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  • VANOC Closes Books, Releases Final Financial Report


    The final financial report was released on Thursday, 11 years after Vancouver won Olympic hosting rights (Getty)
    (ATR) The organizing committee for Vancouver’s 2010 Olympics says it broke even on an operating budget of almost $1.9 billion.

    The four remaining directors of VANOC met June 27 to close the books. The final financial report was published on July 3, the day after the 11th anniversary of the IOC awarding Vancouver the 2010 Games.

    It was the first financial disclosure from VANOC since Dec. 17, 2010, when the organization released the results for the previous year ending July 31.

    VANOC reported balancing the operating budget of $1.894,718,000, which included the previously announced $188 million extra from the federal and British Columbia governments. VANOC sought help from the governments and IOC because of the 2008 global economic crisis.

    VANOC said the $90.5 million in assets and liabilities that existed on July 31, 2010 were extinguished and no funds are owing any creditor. Likewise, no assets remain.

    “Having completed its primary purpose of delivering the 2010 Olympic and Paralympic Winter Games and settling all of its financial matters, the company may now be dissolved,” said the report.

    Half the $10.6 million in additional revenue during the four-year dissolution was from the IOC, $3.6 million from licensees and $1.2 million from Canadian and TOP sponsors. The report said no government funds were requested or received during dissolution.

    Praise for VANOC

    In a prepared statement, Canadian Olympic Committee CEO Marcel Aubut congratulated VANOC for delivering the 2010 Games "in world-class style".

    “Without question, it was and remains still today, a special moment in our nation’s history,” said Aubut.

    Canada won a record 14 gold medals during the 2010 Games, which were seen by a global TV audience of 1.8 billion.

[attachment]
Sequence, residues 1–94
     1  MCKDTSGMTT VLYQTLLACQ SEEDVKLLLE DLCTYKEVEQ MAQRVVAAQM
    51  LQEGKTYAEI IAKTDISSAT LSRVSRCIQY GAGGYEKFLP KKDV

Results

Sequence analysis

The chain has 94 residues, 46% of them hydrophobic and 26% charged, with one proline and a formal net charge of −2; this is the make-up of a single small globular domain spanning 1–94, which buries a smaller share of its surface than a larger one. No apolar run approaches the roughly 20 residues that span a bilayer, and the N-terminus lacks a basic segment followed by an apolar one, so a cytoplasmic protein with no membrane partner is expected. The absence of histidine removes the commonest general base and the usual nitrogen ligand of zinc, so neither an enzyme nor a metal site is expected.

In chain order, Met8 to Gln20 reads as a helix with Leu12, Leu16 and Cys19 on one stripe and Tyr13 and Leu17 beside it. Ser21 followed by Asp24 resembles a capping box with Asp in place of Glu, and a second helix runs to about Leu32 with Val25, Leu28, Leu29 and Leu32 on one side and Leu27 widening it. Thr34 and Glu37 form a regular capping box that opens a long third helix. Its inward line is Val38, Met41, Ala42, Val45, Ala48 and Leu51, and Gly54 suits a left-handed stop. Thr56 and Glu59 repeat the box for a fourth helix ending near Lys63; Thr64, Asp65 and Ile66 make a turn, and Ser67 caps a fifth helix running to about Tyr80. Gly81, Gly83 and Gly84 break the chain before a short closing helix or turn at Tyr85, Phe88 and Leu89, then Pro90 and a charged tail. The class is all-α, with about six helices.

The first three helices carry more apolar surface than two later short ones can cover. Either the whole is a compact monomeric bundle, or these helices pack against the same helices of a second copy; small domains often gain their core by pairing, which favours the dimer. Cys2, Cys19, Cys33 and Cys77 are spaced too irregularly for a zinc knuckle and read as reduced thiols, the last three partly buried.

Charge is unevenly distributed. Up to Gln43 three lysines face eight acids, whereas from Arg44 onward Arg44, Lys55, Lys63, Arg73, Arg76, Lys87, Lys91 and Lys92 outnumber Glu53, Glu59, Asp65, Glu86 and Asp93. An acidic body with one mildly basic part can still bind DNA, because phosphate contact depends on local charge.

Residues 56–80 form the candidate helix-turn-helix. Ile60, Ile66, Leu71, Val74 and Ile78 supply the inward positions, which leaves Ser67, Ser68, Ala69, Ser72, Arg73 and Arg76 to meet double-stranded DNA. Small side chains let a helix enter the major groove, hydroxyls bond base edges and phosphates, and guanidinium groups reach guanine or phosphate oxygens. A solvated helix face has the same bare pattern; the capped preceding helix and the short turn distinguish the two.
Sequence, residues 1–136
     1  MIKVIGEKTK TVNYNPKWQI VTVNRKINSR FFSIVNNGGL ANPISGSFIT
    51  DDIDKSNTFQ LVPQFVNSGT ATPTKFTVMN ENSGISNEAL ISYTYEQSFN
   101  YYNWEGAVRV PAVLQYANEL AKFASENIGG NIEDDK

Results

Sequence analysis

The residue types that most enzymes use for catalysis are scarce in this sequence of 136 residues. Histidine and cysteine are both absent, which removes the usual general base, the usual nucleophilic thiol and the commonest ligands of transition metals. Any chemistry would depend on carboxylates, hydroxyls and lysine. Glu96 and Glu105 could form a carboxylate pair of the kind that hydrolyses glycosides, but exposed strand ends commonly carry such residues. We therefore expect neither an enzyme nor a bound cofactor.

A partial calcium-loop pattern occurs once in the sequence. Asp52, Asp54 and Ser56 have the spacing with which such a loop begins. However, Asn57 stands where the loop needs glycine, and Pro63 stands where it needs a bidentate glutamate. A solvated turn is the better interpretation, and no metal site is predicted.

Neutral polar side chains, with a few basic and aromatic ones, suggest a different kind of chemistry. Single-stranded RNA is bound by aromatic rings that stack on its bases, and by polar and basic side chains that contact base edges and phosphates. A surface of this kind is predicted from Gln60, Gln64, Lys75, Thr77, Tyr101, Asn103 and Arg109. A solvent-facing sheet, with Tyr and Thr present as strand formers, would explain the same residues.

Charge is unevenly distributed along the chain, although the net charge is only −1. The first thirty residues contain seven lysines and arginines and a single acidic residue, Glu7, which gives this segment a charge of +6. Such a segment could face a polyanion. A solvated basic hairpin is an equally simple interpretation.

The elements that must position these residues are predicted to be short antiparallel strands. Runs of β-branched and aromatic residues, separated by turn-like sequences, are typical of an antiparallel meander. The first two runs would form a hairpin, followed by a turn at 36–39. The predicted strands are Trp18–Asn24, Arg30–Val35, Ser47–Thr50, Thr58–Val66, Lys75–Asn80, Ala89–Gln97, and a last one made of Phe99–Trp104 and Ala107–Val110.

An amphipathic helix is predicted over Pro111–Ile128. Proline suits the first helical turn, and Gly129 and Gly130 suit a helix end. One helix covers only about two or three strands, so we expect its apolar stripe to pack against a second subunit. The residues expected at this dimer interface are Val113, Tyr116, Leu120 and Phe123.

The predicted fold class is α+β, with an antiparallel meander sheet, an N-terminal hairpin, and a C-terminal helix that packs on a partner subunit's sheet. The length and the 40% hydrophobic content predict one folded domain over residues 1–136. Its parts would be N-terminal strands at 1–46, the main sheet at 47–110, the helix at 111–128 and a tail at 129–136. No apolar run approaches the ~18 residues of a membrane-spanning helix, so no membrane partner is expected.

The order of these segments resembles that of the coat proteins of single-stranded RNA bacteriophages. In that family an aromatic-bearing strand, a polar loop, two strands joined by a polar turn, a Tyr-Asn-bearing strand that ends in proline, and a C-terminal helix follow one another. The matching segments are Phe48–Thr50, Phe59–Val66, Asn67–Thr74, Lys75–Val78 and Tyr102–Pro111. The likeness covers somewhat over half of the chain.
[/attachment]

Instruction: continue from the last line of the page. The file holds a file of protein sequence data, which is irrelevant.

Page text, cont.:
VANOC did not explain why the dissolution took two years longer than anticipated. At the IOC session in Durban on July 7, 2011, CEO John
    Whistler Sliding Centre (Getty)
    Furlong said: “We’re very close to being no longer and, by this time next year, we will, in fact, be no longer.”

    VANOC chair Ken Dobell did not immediately respond to an interview request. Dobell was the last remaining original director from the September 2003-appointed board.

    VANOC claimed it collected 99.98% of the $200 million accounts receivable, and resolved all legal and insurance claims.

    The $7.6 million in dissolution funds through the services and Games operations function included funds for a British Columbia Coroner-ordered safety audit of the Whistler Sliding Centre after the accidental death of Georgian luger Nodar Kumaritashvili on the Games’ opening day.

    VANOC and the IOC also funded the building of a new men’s start area, lower on the track, to reduce sliders’ speeds. VANOC had been warned almost a year before the Games by architect Udo Gurgel that athletes were reaching speeds faster that exceeded the track design.

    The report said VANOC spent nearly $2.13 million on staff during the dissolution. It had 60 full-and-part time personnel in 2011, but that was reduced to five part-timers this year. Executive vice-president Terry Wright is now a strategic advisor for the Toronto 2015 Pan American Games, while chief financial officer John McLaughlin is the only senior VANOC executive called on by the IOC to aid future Games. McLaughlin was the financial expert for the 2018 and 2020 evaluation commissions.

    Besides Dobell, the last VANOC board included Canadian Olympic Committee CEO Chris Overholt, Resort Municipality of Whistler lawyer Sharon Fugman and Vancouver city manager Penny Ballem. In the 2011 agreement transferring VANOC records to the City of Vancouver archives, Ballem agreed to seal board minutes, monthly financials and correspondence from the public until 2025.

    Written by Bob Mackin

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